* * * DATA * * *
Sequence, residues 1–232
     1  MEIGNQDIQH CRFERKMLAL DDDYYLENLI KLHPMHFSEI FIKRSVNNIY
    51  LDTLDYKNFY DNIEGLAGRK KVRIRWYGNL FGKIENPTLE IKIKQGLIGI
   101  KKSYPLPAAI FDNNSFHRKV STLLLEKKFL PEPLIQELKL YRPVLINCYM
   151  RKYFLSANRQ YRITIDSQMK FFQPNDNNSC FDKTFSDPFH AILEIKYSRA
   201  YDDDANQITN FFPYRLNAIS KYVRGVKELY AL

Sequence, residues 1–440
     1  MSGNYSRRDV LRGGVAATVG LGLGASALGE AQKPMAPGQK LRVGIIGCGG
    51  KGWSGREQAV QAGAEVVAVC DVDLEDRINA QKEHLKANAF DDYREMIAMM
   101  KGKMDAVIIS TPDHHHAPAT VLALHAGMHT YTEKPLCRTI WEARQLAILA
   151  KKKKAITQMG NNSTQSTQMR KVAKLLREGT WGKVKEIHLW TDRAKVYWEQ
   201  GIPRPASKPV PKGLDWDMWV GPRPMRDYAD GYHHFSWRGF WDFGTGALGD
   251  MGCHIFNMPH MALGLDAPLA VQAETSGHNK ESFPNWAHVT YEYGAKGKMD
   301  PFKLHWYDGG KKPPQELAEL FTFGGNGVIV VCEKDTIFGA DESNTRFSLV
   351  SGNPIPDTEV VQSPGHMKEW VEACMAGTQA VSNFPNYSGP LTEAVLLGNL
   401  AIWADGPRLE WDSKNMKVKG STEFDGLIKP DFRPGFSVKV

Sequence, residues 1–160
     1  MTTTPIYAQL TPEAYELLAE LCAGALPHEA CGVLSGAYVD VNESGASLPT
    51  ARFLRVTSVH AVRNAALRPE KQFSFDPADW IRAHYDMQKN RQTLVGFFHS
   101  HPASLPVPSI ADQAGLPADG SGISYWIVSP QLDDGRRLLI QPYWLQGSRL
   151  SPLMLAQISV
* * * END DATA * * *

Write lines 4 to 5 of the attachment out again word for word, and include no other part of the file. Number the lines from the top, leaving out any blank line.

   101  KKSYPLPAAI FDNNSFHRKV STLLLEKKFL PEPLIQELKL YRPVLINCYM
   151  RKYFLSANRQ YRITIDSQMK FFQPNDNNSC FDKTFSDPFH AILEIKYSRA